Art Therapy: A Simple Method to Deal with Stress

If you have ADHD, anxiety, adrenal problems or if you are basically living and breathing, you probably deal with stress and difficulties processing that stress.

This can be especially true for people who don’t have neurotypical brains because our brains are already a little off and prone to misfiling information.

Many anxieties (for example, phobias) comes from the brain not filing information properly. That’s how something as nondangerous as a housefly could cause a panic attack in someone with that phobia: houseflies got misfiled in the brain as dangerous.

Those of us who are neurodiverse also have a greater possibility of having PTSD than neurotypical brains because PTSD involves the misfiling of information in the brain during a stressful situation. We already have issues with misfiling information due to stress and executive function, so it is quite understandable that we would be more susceptible to PTSD.

As part of the treatment for my low adrenals, my doctor suggested that I try art therapy to lower my stress and the tax on my adrenals. However, the art therapy instructions she gave were very nonspecific and abstract.

I don’t deal well with abstract. I’m going to blame that on being a Highly Sensitive Person, but it could just as easily be something else.

No matter the cause, I deal better with more concrete ideas.

I read as much as I could find on art therapy online and came up with my own method that seems to be helping me.


Disclaimer: I’m not a doctor or a psychologist. I’m not responsible for problems that occur as a result of using this method. These problems could range from remembering things that make you angry or messes from children having art supplies. Proceed at your own risk.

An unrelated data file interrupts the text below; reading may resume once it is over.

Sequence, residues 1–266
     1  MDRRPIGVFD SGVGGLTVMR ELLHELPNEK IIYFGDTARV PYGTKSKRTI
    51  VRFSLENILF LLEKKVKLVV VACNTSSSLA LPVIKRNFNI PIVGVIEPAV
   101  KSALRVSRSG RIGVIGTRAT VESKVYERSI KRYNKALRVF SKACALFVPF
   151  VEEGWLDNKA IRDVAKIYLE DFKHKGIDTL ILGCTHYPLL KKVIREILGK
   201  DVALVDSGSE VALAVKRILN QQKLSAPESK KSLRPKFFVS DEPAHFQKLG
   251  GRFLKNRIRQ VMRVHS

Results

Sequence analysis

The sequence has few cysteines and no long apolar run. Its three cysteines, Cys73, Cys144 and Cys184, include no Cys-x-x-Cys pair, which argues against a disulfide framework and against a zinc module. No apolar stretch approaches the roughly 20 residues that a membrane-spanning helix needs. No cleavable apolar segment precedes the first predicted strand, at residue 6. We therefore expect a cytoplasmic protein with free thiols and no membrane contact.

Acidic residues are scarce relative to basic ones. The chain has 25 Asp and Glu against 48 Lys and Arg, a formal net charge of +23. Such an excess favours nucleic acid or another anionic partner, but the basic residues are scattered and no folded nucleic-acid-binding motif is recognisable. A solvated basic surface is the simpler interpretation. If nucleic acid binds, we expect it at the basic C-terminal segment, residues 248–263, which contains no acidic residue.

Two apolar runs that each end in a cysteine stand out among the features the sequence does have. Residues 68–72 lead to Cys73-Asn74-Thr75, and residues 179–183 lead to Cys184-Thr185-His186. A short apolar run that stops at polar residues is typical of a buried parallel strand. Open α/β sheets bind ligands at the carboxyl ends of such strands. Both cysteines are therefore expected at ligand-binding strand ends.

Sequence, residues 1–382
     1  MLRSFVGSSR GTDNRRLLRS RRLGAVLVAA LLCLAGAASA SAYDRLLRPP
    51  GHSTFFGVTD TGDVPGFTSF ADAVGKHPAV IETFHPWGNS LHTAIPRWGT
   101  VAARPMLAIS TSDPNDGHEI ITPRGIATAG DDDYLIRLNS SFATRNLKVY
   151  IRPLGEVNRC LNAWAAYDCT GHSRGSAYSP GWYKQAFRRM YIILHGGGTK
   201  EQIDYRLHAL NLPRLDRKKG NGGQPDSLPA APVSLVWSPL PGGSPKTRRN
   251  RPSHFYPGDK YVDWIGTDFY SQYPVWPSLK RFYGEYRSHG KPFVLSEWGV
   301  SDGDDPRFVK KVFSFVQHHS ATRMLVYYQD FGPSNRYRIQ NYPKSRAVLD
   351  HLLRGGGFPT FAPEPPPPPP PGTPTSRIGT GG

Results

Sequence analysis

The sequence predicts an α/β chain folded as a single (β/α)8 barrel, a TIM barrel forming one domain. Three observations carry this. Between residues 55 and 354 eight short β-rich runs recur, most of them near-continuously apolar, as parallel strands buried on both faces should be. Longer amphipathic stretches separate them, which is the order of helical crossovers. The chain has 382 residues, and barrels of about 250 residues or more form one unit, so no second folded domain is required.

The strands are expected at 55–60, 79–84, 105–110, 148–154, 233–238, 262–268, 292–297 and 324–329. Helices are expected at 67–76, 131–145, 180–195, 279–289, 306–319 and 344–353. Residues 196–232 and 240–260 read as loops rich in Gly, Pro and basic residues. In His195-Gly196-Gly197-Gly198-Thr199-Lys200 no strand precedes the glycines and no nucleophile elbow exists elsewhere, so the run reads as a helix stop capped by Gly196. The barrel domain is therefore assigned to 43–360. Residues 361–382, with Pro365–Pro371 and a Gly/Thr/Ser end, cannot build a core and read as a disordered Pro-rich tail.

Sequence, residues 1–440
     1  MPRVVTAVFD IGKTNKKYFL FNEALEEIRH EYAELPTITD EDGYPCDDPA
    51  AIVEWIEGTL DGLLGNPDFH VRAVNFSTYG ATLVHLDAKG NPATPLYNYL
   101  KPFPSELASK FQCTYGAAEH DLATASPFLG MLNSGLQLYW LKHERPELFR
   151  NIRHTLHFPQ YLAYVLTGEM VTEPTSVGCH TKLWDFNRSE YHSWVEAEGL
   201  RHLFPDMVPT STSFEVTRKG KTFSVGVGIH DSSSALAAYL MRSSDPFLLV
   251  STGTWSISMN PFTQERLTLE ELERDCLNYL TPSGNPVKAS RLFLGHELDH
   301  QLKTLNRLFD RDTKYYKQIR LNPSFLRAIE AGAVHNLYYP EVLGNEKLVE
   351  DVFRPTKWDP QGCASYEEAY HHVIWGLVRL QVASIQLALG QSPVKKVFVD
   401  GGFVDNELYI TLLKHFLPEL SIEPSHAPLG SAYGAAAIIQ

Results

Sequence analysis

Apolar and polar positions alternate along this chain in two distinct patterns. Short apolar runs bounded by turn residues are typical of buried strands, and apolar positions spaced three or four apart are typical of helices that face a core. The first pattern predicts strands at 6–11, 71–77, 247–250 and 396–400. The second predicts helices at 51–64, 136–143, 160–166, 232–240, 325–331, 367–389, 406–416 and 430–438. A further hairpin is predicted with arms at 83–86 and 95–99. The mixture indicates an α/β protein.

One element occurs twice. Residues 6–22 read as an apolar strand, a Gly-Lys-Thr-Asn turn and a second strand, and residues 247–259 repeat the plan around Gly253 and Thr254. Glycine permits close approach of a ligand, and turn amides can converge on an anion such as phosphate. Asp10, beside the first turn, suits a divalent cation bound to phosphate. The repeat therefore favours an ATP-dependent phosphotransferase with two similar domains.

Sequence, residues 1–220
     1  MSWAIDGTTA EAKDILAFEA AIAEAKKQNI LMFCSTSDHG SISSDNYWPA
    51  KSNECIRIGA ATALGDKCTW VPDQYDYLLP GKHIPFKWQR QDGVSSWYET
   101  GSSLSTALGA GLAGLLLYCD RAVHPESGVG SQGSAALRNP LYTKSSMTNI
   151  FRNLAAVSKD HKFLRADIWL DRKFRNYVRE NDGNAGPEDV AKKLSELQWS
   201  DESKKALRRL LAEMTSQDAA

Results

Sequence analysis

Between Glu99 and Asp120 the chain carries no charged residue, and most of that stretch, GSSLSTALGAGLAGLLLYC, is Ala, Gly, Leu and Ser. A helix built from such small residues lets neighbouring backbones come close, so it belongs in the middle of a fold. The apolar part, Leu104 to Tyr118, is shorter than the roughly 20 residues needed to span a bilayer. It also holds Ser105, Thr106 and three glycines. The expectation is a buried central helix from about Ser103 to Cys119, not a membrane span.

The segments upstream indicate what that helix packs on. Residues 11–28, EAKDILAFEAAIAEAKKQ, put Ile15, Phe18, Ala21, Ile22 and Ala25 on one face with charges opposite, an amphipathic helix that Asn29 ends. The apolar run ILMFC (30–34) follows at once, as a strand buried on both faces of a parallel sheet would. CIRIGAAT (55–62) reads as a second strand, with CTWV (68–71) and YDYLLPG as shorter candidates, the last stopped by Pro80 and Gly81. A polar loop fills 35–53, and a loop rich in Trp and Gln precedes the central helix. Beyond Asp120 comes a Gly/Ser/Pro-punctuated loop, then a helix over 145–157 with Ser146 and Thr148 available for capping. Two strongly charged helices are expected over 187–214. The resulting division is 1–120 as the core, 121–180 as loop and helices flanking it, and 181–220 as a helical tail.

Some people actually go to college to teach art therapy, and I’m sure they would balk at this.

I’m not saying it’s the right way; I’m only saying it has worked for me.

The purpose of this method art therapy is to help you let go of things that stress you.

Anything that helps you to that end, even if it’s not the same as what the professional would do, is a good thing in my book –provided that it’s both legal and moral, that is.

True clinical art therapy is much more involved than what I’m doing.

Some versions I saw online also involve emptying yourself and letting your spirit guide show you what to do. As a Christian, I won’t be following any spirit guides, but I do pray during the process. If you aren’t religious you can just as easily skip the prayer part.


What you need:

  • A sheet of paper (such as computer paper but any will do)
  • A variety of color crayons or pencils
  • A pen (black works best in my opinion) or a regular #2 pencil

Parts of this activity I have actually been doing since I was a child –minus some of the angry scribbling.

It is simple enough that a child could do it, and I think a child understand it.

This video explains the process including how to adapt it for kids –even special needs kids.

This is one of the first times I have made a video, and I apologize in advance for all the times I say “Umm.” I am obviously not comfortable with the medium of video yet, and I smiled at my own discomfort when I replayed the video. I had also hoped to be able to caption the video for my hearing-impaired friends, but my computer was not cooperating. I may be able to do it sometime in the future but not today.

If you have any questions about the video or the method I use, please ask! I am happy to help.

I hope this was helpful in learning to de-stress.

Blessings,

Sarah Forbes

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